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Will drastic measures curb price increases?

by 5m Editor
9 August 2007, at 9:50am

VIET NAM - The move by the government to reduce import tax rates on a lot of key products is not likely to curb inflation.

Market remains hot…

Meat prices are not expected to decrease due to the current supply and demand imbalance. According to Bui Duy Duc, Director General of Vissan, the supply of food is short not only in Vietnam but also in the world. In Vietnam, the herd of pigs has become smaller as farmers have reported losses from pig breeding, while the blue ear epidemic has broken out. In the world, China needs more pork; therefore, it is not so easy to import pork to meet the domestic demand.

Meanwhile, most dairy producers say that prices will not fall, in spite of the import tax reduction. Le Viet Ha, Chairman of Hancofood, the owner of Dollac trademark, said that prices might not go down as a result of the tax reductions because taxes made up just a small proportion of selling prices.

In the contruction trade, steel producers says that lowering the selling prices of finished steel products would be an ‘impossible mission’ in the context of skyrocketing ingot steel price. The import ingot steel price has climbed to over $500/tonne, up by $60-70 over last year’s average level.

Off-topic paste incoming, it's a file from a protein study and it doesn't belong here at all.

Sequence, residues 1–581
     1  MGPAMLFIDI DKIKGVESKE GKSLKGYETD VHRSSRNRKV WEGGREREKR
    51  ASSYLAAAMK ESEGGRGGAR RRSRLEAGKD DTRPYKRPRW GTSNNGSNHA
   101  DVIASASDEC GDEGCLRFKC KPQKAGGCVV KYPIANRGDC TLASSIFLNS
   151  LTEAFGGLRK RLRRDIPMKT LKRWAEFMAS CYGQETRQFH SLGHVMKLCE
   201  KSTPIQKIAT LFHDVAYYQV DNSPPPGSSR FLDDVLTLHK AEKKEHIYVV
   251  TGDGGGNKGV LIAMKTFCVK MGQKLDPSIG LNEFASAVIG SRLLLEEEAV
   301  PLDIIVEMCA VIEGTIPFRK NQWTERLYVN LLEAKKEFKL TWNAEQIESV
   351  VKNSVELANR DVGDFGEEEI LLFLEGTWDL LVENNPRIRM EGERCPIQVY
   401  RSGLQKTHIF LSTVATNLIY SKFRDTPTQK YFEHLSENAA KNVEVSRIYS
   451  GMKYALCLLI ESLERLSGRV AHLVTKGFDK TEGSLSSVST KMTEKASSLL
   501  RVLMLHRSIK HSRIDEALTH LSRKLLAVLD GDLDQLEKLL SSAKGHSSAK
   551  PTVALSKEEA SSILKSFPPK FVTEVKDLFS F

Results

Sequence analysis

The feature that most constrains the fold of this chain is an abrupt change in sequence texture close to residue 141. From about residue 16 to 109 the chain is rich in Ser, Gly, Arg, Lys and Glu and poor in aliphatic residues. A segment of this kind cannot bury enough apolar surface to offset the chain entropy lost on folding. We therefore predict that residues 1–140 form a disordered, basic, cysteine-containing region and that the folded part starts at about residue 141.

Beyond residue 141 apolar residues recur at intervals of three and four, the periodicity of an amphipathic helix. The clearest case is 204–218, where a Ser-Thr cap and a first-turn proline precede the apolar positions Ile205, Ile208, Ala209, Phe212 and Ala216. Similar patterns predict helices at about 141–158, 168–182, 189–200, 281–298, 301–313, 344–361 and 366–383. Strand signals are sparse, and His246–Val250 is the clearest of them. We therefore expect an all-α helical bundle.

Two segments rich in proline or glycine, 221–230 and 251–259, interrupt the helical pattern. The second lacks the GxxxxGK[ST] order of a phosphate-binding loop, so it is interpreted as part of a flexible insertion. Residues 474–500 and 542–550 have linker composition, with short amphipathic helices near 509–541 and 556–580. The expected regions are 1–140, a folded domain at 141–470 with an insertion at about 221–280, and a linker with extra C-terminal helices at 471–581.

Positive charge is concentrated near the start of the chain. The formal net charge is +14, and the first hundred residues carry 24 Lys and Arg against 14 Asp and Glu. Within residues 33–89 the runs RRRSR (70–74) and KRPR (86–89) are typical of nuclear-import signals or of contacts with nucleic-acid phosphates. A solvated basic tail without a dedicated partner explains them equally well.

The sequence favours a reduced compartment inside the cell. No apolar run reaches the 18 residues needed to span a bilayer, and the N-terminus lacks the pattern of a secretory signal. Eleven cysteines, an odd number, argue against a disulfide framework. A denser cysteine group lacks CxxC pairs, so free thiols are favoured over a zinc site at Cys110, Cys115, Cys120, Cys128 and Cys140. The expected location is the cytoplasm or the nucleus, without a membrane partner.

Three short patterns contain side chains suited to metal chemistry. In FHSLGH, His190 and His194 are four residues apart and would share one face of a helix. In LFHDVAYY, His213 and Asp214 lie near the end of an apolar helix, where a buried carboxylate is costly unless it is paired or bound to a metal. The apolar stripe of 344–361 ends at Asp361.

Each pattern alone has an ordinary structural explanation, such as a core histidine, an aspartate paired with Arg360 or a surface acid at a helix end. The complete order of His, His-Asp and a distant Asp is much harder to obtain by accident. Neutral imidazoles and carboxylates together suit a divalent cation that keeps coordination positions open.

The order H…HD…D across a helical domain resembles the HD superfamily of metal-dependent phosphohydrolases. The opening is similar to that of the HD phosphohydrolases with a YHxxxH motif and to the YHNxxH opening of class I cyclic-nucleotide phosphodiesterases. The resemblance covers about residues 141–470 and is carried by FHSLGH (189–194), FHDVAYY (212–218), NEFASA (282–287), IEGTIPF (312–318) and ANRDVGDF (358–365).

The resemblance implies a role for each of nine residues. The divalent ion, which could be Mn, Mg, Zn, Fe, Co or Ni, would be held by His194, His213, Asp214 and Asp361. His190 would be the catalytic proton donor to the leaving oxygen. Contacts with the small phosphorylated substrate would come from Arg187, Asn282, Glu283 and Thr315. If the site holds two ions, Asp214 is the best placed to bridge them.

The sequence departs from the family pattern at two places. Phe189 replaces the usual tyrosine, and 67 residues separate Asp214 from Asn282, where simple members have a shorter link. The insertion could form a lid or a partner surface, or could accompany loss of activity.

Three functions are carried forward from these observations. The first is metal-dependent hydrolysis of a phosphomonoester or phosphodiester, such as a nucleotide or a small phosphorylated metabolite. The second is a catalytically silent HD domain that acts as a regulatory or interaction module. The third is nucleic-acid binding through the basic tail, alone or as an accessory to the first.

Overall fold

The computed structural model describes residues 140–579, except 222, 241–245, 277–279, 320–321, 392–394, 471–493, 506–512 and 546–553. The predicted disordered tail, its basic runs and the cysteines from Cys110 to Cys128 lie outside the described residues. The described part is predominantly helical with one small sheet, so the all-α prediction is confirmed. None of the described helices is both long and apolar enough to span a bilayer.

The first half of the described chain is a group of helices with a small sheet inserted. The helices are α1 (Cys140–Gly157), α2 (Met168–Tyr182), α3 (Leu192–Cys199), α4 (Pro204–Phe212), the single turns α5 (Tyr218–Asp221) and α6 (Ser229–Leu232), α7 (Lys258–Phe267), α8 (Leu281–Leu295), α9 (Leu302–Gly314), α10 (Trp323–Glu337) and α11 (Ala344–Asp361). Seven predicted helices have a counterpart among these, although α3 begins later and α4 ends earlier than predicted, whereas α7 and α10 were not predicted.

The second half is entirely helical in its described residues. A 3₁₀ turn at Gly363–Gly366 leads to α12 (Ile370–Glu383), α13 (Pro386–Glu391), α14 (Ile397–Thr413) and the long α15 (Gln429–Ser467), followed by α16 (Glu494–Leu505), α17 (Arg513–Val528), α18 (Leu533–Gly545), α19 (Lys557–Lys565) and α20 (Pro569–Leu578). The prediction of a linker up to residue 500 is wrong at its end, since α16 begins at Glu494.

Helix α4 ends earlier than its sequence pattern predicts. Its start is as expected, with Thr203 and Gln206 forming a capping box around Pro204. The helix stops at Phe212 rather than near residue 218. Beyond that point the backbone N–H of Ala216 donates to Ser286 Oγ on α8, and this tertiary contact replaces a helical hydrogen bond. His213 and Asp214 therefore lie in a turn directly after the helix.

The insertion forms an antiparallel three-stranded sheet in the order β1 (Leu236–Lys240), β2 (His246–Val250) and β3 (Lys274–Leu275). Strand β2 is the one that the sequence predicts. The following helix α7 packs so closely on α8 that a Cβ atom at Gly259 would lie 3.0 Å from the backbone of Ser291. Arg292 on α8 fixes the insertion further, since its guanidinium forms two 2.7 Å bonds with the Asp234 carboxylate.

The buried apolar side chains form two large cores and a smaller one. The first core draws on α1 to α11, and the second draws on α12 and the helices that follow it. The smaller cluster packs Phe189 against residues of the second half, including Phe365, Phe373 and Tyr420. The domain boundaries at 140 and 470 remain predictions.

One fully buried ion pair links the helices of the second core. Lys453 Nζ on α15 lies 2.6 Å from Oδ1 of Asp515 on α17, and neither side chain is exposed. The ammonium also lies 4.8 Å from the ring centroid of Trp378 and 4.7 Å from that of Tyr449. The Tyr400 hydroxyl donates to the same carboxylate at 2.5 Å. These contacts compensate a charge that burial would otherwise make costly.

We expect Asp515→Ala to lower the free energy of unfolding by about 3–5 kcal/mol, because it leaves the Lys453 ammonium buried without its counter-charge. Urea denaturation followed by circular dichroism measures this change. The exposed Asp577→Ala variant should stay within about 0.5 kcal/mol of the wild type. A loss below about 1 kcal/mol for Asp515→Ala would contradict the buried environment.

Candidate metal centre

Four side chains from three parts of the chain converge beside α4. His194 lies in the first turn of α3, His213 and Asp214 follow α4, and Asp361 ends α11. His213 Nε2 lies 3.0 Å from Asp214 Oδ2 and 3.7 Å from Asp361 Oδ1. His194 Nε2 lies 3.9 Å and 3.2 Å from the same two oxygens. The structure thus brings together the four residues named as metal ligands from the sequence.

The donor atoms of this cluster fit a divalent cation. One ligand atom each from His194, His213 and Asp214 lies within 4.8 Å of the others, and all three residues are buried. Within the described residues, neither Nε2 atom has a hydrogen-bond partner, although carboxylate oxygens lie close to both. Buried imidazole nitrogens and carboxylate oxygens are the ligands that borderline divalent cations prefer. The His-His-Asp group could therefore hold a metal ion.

According to Le Thiet Hung, Deputy Head of the Market Division under the Vietnam Steel Corporation, the tax reduction on ingot steel will help reduce production costs by $15/tonne only.

… but price fever will be eased

Although the tax reduction is not likely to have much impact on rising prices, it may still help ease price fever.

The director of a dairy company said that his company did not plan to raise selling prices until the end of the year. Tran Bao Minh, Deputy Director General of Vinamilk, also said that Vinamilk was considering delaying its plan to raise prices and also lowering the price increases compared to its initial plan.

Mr Minh said that Vietnam was a market with big potential. Currently, only 20 per cent of the population uses dairy products. Therefore, producers should aim to expand their market shares and attract more customers rather than raise selling prices.

Other experts have acknowledged that the tax reduction would not have big impacts on local producers, but would force distributors of imported products to reconsider their pricing policies.

5m Editor